And here we go. In an effort to increase authenticity and (let’s be honest) diversify revenue opportunities, a test Meta Verified subscription product will begin in New Zealand and Australia this week.
Let’s dig into what this actually is, some confusion about who is eligible, my issues with it, and whether I’ll ever consider a verified subscription.
For Creators Only (For Now)
To be eligible for the Meta Verified test, you need to be a creator with prior posting history in New Zealand or Australia who is at least 18 years old.
Now, there is some confusion (at least I’m confused) about whether a “creator” can be a personal brand on a Facebook page and be eligible. We’ll get to that later.
A Meta Verified subscription will cost you $11.99 (US) per month from web or $14.99 per month on iOS and Android. Yeah, I don’t know why anyone would sign up via iOS or Android.
The subscription bundle includes the following benefits:
1. Verified badge. This isn’t as simple as paying to get verified (not mentioning any platforms). Your account name and photo must match your governmental ID.
2. Proactive account protection against impersonation. Apparently this doesn’t happen now for verified accounts? Or it’s better somehow? Or maybe it’s just that anyone can get the same protection as currently verified accounts, but you’ll need to pay for it.
3. Access to account support. That’s right, real people. Cut through the red tape.
4. Increased visibility and reach. You’ll show up more prominently in search, comments, and recommendations. How noticeable this increase is will vary depending on your audience size and topics.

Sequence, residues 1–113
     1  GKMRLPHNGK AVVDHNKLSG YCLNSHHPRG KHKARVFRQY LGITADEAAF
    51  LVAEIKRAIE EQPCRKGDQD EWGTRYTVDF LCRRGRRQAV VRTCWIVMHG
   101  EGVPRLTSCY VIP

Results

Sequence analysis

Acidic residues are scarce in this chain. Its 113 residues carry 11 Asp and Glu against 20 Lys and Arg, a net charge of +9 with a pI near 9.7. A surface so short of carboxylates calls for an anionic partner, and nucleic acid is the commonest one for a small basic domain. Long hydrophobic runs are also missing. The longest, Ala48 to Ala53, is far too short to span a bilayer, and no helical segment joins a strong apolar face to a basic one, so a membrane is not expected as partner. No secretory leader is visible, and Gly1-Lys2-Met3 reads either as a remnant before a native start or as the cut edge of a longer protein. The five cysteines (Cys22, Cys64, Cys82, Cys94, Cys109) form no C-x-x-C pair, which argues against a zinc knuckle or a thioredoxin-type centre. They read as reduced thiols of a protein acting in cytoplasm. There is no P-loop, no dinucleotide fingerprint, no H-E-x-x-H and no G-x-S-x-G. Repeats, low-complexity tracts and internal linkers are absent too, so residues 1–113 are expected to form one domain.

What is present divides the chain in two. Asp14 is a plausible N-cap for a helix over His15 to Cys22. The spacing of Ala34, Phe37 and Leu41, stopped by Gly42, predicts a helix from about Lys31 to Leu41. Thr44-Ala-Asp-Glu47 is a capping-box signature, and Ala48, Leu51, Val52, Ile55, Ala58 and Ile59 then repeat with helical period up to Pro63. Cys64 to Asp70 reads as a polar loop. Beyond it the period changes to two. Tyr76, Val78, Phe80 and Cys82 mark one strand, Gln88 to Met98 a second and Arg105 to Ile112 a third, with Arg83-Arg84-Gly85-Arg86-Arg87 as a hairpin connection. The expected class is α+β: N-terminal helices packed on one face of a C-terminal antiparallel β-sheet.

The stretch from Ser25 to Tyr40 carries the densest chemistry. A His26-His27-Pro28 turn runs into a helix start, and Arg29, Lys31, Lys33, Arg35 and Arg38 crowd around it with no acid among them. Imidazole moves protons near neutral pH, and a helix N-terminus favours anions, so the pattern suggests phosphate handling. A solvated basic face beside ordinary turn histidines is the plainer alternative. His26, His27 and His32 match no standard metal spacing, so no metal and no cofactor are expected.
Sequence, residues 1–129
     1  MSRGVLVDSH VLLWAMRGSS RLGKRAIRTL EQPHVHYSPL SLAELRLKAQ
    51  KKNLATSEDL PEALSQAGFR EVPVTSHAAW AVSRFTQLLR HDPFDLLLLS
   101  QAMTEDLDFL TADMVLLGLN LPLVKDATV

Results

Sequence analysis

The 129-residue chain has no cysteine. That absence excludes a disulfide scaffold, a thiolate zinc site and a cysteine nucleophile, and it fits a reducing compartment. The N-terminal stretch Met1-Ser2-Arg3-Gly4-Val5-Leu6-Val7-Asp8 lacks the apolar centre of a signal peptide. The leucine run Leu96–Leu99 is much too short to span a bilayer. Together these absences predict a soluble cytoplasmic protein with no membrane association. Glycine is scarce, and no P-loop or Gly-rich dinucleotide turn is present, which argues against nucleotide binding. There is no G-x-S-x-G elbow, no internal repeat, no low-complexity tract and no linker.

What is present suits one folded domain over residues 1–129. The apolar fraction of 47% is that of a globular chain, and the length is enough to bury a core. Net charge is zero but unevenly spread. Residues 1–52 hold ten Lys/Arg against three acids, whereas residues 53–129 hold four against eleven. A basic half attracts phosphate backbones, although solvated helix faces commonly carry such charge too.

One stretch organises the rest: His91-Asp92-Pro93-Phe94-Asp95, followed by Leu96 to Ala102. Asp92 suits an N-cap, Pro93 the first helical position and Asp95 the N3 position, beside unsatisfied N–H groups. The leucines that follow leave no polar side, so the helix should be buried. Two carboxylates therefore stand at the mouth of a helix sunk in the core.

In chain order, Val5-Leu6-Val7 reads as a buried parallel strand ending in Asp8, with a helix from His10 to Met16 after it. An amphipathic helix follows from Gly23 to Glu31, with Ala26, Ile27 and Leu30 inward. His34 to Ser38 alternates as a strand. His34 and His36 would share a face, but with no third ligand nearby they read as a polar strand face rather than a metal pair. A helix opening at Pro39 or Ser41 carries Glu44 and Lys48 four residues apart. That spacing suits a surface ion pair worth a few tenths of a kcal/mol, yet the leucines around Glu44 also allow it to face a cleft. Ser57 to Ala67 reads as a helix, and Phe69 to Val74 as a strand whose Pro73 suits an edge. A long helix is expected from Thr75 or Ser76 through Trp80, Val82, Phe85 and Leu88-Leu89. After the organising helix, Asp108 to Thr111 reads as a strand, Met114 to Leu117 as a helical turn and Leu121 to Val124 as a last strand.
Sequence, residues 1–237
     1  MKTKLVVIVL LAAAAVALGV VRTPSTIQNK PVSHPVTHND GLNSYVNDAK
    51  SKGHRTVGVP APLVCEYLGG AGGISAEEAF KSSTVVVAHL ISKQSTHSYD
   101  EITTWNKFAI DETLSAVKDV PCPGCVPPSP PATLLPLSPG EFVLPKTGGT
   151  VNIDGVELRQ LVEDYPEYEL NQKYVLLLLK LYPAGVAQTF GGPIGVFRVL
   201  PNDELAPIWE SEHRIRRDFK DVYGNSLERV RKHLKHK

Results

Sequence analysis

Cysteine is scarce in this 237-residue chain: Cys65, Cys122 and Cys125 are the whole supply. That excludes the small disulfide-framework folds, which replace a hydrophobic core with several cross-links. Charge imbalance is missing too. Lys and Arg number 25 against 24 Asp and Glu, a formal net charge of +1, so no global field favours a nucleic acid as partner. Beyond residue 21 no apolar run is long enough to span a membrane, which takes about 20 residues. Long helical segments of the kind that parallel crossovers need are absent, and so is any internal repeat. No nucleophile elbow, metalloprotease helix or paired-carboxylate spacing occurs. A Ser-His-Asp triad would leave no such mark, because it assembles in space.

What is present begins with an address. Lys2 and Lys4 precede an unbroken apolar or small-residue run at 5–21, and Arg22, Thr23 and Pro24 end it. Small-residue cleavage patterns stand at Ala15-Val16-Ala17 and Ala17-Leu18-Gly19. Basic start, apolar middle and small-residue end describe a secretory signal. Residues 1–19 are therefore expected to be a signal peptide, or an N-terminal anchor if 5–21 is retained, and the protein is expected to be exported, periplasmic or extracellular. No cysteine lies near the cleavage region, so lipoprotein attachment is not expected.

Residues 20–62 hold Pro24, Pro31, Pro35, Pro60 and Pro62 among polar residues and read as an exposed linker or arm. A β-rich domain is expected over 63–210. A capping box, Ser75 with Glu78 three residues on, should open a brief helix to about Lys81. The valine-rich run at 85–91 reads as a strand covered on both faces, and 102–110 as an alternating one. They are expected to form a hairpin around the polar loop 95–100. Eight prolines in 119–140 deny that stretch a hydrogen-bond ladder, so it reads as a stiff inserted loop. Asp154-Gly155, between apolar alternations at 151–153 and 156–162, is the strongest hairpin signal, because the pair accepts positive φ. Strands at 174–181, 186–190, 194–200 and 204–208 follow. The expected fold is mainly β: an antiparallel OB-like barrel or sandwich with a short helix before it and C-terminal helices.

5. Exclusive features. This appears to be related to stickers and stars on Facebook and Instagram Stories and Reels. Could be access to other features, but these aren’t specified in the announcement.
Creators with Business Pages?
Now, here’s where it gets a bit confusing and where media messaging is inconsistent with the official announcement from Meta…
Meta notes that this is for Creators only. Businesses are not eligible for the test, but the eventual plan includes them.
But… Does that mean that only “creators” who utilize user profiles are eligible? What about creators who set up Facebook pages?
This may seem like semantics, but Meta never mentions “user” in their announcement. And their documentation about becoming a creator mentions “turning on professional mode on your Facebook profile or by creating a separate Page.”
We know that businesses aren’t eligible for the test, but it’s not clear if personal brands (creators) who set up a Facebook page are. Maybe?
The final section of Meta’s announcement does repeatedly mention profiles and your birthday, which would be unique to a user.
But since Meta’s own definition of a creator includes personal brands with pages, I can’t say for sure if such people are excluded.
My interpretation: If you are a personal brand with a Facebook page that utilizes your actual name (that is the same as your governmental name), you are likely eligible.
I’m hedging with “likely,” but I’d love clarification from Meta on this.
No Changes to Accounts Already Verified